Stack Overflow is a community of 4.7 million programmers, just like you, helping each other.

Join them; it only takes a minute:

Sign up
Join the Stack Overflow community to:
  1. Ask programming questions
  2. Answer and help your peers
  3. Get recognized for your expertise

Does line wrapping help with code readability?

Is there a generally accepted etiquette for using line continuations?

Why use this:

SomeMethod(int someInt, Object someObject,
   String someString, bool someBool)
{
    ...
}

Instead of this:

SomeMethod(int someInt, Object someObject, String someString, bool someBool)
{
    ...
}

Edit: re-worded my question from line continuation to line wrapping

share|improve this question

closed as off topic by Robert Harvey Mar 20 '13 at 0:04

Questions on Stack Overflow are expected to relate to programming within the scope defined by the community. Consider editing the question or leaving comments for improvement if you believe the question can be reworded to fit within the scope. Read more about reopening questions here.If this question can be reworded to fit the rules in the help center, please edit the question.

    
Do you mean just spreading a statement across multiple lines, or actual continuation characters like the underscore in VB? – Aaronaught Jan 28 '10 at 2:14
    
yes, I mean line wrapping – Kevin Jan 28 '10 at 2:20
2  
I think this question is quite subjective, it's like asking do you like the color red? It's all about YOUR opinion. – PostMan Jan 28 '10 at 2:25
    
Agree with Postman, should add the Subjective tag. No one correct answer and everyone has their own opinion. – Ash Jan 28 '10 at 2:31
    
Pity everyone can't have my opinion, oh the world would be a better place without the color red! – PostMan Jan 28 '10 at 2:34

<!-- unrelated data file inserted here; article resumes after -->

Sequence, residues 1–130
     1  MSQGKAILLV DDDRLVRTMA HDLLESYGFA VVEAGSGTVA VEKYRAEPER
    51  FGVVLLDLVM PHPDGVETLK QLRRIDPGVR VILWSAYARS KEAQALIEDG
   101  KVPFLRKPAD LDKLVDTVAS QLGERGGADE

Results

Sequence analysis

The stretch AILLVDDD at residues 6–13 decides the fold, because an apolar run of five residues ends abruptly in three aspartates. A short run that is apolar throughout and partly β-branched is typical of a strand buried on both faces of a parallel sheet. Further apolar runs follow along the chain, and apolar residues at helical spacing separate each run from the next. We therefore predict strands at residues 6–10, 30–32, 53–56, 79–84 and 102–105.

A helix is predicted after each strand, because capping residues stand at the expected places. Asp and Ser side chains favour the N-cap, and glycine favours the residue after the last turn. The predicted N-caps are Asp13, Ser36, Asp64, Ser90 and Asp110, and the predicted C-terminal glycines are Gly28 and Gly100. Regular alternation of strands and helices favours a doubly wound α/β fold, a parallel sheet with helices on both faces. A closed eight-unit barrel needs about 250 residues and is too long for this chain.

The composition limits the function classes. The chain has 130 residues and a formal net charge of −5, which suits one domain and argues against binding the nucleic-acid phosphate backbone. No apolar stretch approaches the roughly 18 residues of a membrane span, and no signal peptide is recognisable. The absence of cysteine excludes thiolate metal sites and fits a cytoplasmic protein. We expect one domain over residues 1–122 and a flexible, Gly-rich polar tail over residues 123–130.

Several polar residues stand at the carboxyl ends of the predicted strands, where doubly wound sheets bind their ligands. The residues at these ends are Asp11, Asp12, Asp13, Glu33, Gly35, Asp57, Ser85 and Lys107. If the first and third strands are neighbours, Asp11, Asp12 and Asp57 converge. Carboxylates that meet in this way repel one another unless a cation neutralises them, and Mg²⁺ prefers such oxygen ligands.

up vote 24 down vote accepted

Line continuations are not used in C#, since an explicit line terminator (;) is required.

If you're asking, in terms of style, whether it's a good idea to break a line into multiple lines, that's debatable. The StyleCop rules force a line to either be defined on a single line, or for every element to be on a separate line. I personally think this is a good guideline, and I usually choose to break a line completely into its parts if it's too long to fit into a good 80-90 character wide editor.


Edit in response to your new question:

In this case, I would follow the guidelines above. Personally, in your specific case, I'd leave this on one line:

SomeMethod(int someInt, Object someObject, String someString, bool someBool) 
{ 
    ... 
} 

This is a nice, short moethod declaration, and I see no reason to split it. I'd only split it if the number of arguments, and the lengths of the types, became far to long for one line of text.

If you do split it, however, I'd split it into separate lines for each argument:

SomeMethod(
    int someInt, 
    Object someObject, 
    String someString, 
    bool someBool) 
{ 
    ... 
} 

This way, at least it's obvious how and why it's split, and a developer won't accidentally skip one argument since two are on a single line.

share|improve this answer
1  
Agreed; I'm also a massive concise-line nerd. I can't stand automated line-wrapping. – Noon Silk Jan 28 '10 at 2:19
    
It's funny how our brains work - I'll literally be in anguish over things like this! – eddiegroves Jan 28 '10 at 2:49
2  
+1 I definitely agree with splitting all arguments or none. Inconsistency will just make it more confusing. – Kevin Kibler Jan 28 '10 at 3:19
1  
I agree with this answer with one exception. I believe 120 characters is today a pretty acceptable line length when the context calls for it; however if lines are 80-90 or less, I say "well done". – wilmoore Dec 6 '10 at 18:52
1  
@Wilmoore: I agree, unless your team has people working on laptops - VS, on a laptop especially, with reasonably sized fonts and solution explorer open, often barely hits 80 characters of width.... – Reed Copsey Dec 7 '10 at 20:53

Now that we've clarified that this isn't to do with actual line-continuation characters and simply line-wrapping - you tell me. This:

IEnumerable<int> orderIDs = context.Customers.Where(c => c.CustomerID >= 1 && c.CustomerID <= 10).Select(c => c.Orders).SelectMany(o => o).OrderBy(o => o.OrderDate).Select(o => o.OrderID);